Replacement of Congenitally Missing Bilateral Maxillary Canines with Dental Implants: A Rare Case Report and Mini Review

Replacement of Congenitally Missing Bilateral Maxillary Canines with Dental Implants: A Rare Case Report and Mini Review

The Open Dentistry Journal 15 Nov 2019 CASE REPORT DOI: 10.2174/1874210601913010371



Maxillary canines play strategic roles in maintaining the normal function and visibility of teeth. However, rare cases of bilateral permanent congenitally missing maxillary canines were occurring. Replacing these missing canines with dental implant prostheses is an optimal treatment plan for aesthetics and functions.

Case Report:

In this case report, we described the replacement of bilateral maxillary canines with osseointegrated implants to support all-ceramic prostheses for a young female patient. This treatment avoids the conventional preparation of adjacent teeth as a part of prosthetic reconstructions. In addition to that, all-ceramic crowns are biocompatible with oral cavity structures.


The stable short-term result has been achieved with the replacement of the bilateral congenitally missed canines with an implant and cemented all-ceramic crowns, with 3-years cumulative success rate.

Keywords: Bilateral hypodontia, Congenitally missing, Implant, Maxillary canines, Solitary anomaly, Oral cavity.


Tooth hypodontia or agenesis is one of the most common human tooth anomalies characterized by the developmental absence of one or more teeth. It is non-syndromic and can occur in association with a recognized genetic syndrome or as a solitary anomaly [1]. The absence of eruption of one or more permanent teeth in the oral cavity without any systemic disorder is the most common phenotype of tooth hypodontia [1, 2].

A retained canine is a tooth that has reached its normal time for eruption (11-13 years old for the maxillary arch), but its full development (formed teeth) remains locked inside a maxilla or a mandible, thereby maintaining its intact pericoronary sac [3].

Maxillary canines are the second most common ectopic teeth in the dental arch after the third molar, thereby affecting approximately 2- 4% of the all human population worldwide [4]. For example, it is a rare finding in Europe and Caucasian populations as mentioned by the previous case reports those recorded that the prevalence of maxillary permanent canine agenesis varies between 0.07%, 0.13%, and 0.91% [3-7], in Germany, Italy, UK, Hungary, and Netherlands, respectively.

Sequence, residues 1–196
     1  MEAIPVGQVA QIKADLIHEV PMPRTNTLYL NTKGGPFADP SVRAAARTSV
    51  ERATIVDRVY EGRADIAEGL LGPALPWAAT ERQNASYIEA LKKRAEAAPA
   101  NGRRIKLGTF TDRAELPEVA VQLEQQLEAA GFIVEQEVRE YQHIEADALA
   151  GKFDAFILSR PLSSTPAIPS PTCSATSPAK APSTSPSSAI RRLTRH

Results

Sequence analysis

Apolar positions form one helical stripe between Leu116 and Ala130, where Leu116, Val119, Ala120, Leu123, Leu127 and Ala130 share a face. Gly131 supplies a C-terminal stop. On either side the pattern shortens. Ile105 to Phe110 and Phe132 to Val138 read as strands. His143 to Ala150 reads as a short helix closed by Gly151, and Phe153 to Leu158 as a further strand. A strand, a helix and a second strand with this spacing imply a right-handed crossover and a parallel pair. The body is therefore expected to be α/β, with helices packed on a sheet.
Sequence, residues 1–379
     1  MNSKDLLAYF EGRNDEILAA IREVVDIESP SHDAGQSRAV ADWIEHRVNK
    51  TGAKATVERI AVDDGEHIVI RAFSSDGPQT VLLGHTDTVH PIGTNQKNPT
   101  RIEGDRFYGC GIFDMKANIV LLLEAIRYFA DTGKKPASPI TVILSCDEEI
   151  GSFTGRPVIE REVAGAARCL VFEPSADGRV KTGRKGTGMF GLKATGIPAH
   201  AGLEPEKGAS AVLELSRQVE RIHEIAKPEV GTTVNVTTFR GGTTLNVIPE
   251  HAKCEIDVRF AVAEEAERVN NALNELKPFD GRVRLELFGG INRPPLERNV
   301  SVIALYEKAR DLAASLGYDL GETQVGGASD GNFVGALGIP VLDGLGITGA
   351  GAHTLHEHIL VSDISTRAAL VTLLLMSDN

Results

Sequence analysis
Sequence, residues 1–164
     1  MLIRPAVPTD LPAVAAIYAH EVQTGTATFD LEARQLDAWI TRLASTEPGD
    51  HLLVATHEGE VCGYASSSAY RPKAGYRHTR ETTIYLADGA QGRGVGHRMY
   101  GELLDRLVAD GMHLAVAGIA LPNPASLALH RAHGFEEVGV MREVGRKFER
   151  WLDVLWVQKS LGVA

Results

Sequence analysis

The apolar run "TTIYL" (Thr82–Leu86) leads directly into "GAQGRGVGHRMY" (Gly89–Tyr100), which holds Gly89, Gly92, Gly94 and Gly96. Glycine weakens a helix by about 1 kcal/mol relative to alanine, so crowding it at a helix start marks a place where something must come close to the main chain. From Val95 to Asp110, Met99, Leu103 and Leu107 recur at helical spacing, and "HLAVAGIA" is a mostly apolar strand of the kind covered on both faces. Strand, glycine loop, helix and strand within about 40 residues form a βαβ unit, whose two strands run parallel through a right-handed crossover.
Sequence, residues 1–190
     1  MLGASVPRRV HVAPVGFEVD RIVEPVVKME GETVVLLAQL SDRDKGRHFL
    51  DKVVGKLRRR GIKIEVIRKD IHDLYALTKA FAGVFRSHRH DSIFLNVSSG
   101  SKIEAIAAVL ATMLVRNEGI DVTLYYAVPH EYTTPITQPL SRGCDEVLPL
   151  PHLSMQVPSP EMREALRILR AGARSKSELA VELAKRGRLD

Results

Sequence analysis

Agenesis of maxillary canines is a relatively common occurrence in Asian races as in China [2, 8, 9]. Besides, it registered in selective cities of Saudi Arabia such as in Jazan, Qassim, Riyadh, and Al-Jouf [10-14] and Recorded 2.2%, 6.3%, 4.45%, and 4.9%, respectively. Also, in other Arab countries, the hypodontia of canine is higher than other countries worldwide and registered as 3.55% in Yemen, 6.2% - 7.8% in Qatar, while in Libya and Jordan are 1.5% and 2.6%, respectively [14-18].

Some researches or case reports found agenesis of canine as in the maxillary arch, unilaterally (either right or left), and among female patients [11, 13, 19, 20] or male patients [21]. Also, others found that canine hypodontia is bilateral, in the maxilla and among females [14, 17], or males [22].

Replacing a congenitally missing tooth in the maxillary region with implants is often preferred to conventional tooth-supported restorations such as bridges or an adhesive restor- ation because this technique of replacement avoids the preparation of an intact adjacent tooth substance and requires a relatively short treatment time [20]. Osseointegrated implants were first introduced in the mid-1960s, and the original concept of “ad modum” was based on the placement of four to six standard 3.75 mm titanium implants in an edentulous maxillary arch [2]. This technology has shown great potential. Further- more, titanium implants have broadened their indications and have become a reliable and widely acceptable treatment modality in all fields of dentistry [23].